And at the end, following Murphy’s death – by accident or suicide is never made clear – he leaves instructions that his ashes should be brought back to Dublin and flushed down the toilet in the Abbey Theatre. However, the man carrying his ashes instead goes to a pub and gets drunk and ends up throwing the ashes at someone during a brawl.
“By closing time, the body, mind and soul of Murphy were freely distributed over the floor of the saloon; and before another dayspring greyened the earth had been swept away with the sand, the beer, the butts, the glass, the matches, the spits, the vomit.”
(Murphy p154)
This early novel maybe suffers from having too many superfluous characters and smart-arse prose but at its core there is deeply disturbing insight into Beckett’s mind.

3 comments:

Fionnchú said...

Tony, I read this and "Watt," finally, a short time ago-- I even used the same cover photo you did for the illustration in my blog review, as I thought it fit best the garret in the asylum theme and the fatal rocking chair. I found it very very slow to read, if less so than the really dense "Watt," but I liked his earlier novel better for its relative wit, dry as it was and missing jokes as I did. In retrospect, Flann O'Brien can surely be seen ghosted here, and the inescapable long shadow of Joyce in the twilit era of the depression, London, and DeValera. I reckon a lively verbal reading of this work (I have seen it on CD sold) might bring out what on the page, to us seventy years on, may escape our intellect, unrarified cf. to SB as always and inevitably! There's very evocative prose amidst the banter and bewilderment and byways of this shaggy-dog tale.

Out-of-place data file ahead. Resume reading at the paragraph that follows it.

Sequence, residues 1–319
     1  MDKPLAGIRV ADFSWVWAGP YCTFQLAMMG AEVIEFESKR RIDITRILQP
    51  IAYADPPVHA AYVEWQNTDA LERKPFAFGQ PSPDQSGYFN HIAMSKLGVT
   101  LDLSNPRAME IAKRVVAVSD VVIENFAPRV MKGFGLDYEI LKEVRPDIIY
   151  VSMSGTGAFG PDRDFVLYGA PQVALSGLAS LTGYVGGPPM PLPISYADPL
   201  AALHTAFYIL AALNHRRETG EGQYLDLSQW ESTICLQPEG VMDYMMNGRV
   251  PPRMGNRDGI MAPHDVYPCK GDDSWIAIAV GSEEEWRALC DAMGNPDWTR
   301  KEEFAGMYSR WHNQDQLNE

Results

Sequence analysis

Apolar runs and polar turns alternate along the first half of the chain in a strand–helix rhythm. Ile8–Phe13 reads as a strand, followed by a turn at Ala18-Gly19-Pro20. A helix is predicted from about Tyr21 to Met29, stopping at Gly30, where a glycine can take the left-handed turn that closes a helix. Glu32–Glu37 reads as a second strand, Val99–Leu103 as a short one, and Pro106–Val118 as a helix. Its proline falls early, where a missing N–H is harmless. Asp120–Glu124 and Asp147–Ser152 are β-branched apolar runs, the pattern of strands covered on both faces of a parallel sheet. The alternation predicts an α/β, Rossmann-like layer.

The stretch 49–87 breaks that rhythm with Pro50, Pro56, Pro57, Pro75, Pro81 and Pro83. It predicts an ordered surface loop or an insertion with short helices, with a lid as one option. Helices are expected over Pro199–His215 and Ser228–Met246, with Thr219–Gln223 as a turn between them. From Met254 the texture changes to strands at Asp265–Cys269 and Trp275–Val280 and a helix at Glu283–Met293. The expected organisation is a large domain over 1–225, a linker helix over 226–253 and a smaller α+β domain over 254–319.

Tony Bailie said...

I read your review at the time and I think that is what put me in mind to read this again. I agree with the future-echos of Flann and Joycean influences. There was a very throw-away line (but which struck me as mocking) about the landlady reading George (AE) Russell's The Candle of Vision, which sent me scurrying to the various biographies that I have to see if there was any animosity between them... but apart from Russell rejecting a poem submitted by Beckett and Samuel's post-modernism distrusting the whole Celtic Twilight scene AE only earned passing references. Probably not important but curious to know if you have any insights.

Mike Ballard said...

Just reading the passage you quote from MURPHY in the backyard on a sunny Perthian arvo.

It strikes me that this work from 1938 isn't as cynically subversive as his post-WWII MOLLOY. However, MURPHY reveals an already critical consciousness about the emptiness of bourgeois norms.

The quote points to a kind of "King of Hearts" moment where he takes the side of the insane over the insanity of daily life. During the Occupation of France by the Nazi power structure, this insanity of daily life took on a blacker tone ergo, MOLLOY.

Beckett's genius was that he could make humour out the absurdity of normalcy under the rule of Capital.